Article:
Rainier - The Birth of a new Era

In 2001 instead of finding life on other planets, we started to hear about this thing called Rainier (the code name for the next version of Visual Studio and this magical new technology called .NET). Rainier made its beta debut in 2001 and we were promised that it was going to solve the world’s problems. We couldn’t wait to jump on the Beta releases of the product since coming from a C++ background early in my career, I was really excited to get back to using true object-orientation as a way to express my code to solve problems. I was also really interested in the promise of a framework that was language agnostic since I never really got much into the Java world, which was language specific but platform agnostic. The concept of using whatever language you were more comfortable with to express yourself intrigued me.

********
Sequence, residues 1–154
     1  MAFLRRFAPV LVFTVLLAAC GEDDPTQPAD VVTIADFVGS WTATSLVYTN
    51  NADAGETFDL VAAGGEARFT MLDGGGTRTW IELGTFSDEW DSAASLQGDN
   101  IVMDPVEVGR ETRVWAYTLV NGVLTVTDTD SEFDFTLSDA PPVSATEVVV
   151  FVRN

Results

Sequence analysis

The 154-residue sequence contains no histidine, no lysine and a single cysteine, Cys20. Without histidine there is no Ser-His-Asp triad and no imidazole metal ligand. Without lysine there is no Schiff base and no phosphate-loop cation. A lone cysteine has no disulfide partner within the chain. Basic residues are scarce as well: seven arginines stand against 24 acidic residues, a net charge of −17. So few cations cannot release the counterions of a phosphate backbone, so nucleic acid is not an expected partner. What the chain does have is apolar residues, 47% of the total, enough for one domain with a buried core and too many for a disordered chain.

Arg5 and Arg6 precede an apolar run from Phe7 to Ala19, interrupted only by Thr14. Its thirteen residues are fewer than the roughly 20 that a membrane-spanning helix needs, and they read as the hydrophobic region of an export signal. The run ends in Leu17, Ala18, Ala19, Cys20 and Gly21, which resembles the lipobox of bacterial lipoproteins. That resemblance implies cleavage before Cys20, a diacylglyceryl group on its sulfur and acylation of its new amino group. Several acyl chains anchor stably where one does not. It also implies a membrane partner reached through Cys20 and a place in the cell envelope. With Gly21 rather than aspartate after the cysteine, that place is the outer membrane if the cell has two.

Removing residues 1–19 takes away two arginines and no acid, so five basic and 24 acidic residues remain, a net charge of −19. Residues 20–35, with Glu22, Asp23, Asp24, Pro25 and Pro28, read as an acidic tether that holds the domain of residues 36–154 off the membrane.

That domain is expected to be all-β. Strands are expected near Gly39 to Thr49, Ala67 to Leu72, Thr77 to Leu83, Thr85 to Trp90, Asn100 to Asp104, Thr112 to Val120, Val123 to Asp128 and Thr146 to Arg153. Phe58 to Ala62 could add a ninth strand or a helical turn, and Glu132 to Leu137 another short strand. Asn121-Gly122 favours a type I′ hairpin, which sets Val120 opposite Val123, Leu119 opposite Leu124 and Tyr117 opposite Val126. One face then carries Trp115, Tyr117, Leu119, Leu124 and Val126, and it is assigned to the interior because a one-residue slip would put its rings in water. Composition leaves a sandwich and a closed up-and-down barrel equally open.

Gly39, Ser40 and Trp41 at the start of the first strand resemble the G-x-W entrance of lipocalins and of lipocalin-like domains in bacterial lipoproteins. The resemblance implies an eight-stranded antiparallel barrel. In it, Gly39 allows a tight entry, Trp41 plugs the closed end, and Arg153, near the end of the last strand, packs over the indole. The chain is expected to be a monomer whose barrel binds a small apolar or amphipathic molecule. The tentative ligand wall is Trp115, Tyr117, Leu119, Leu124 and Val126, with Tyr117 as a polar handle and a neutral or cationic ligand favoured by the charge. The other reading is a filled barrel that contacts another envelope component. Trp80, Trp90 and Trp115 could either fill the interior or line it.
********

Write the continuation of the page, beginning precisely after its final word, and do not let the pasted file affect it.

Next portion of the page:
My team quickly put this new technology to the test! We decided to do something fun and built a proof of concept application (in our spare time of course) that would address some of the real-life problems that we continually ran into when building distributed applications with Visual Studio 6 and Visual Basic 6. We came up with the idea of creating an application called Golf.NET (because at that time, it seemed like we used the term .NET for everything). Golf.NET would be a tool that golf courses could use to help book golf tee times. We decided to use a blend of languages; Visual Basic.NET for all of the presentation layer components and C# for all of the back end code. We wanted to leverage what is now called Web services (which we were already familiar with since we did a lot of work with SOAP prior to .NET becoming mainstream) as well as this new construct called a dataset. In fact, we also created a Windows Forms-based offline client built for Golf Course Managers that made calls into our Web service layer. What we discovered quite quickly was that all of this new stuff really worked the way it said it was going to work!!! We were so proud of what we had accomplished in such little time, we designed training material, community presentations around Golf.NET and proudly branded our sample app with a picture of Tiger Woods (hmm… I’m not sure we’d do that now). I can’t tell you how much we were ready for this change - how excited it made us to know that we wouldn’t really have to use Java and Eclipse to build what we considered enterprise software.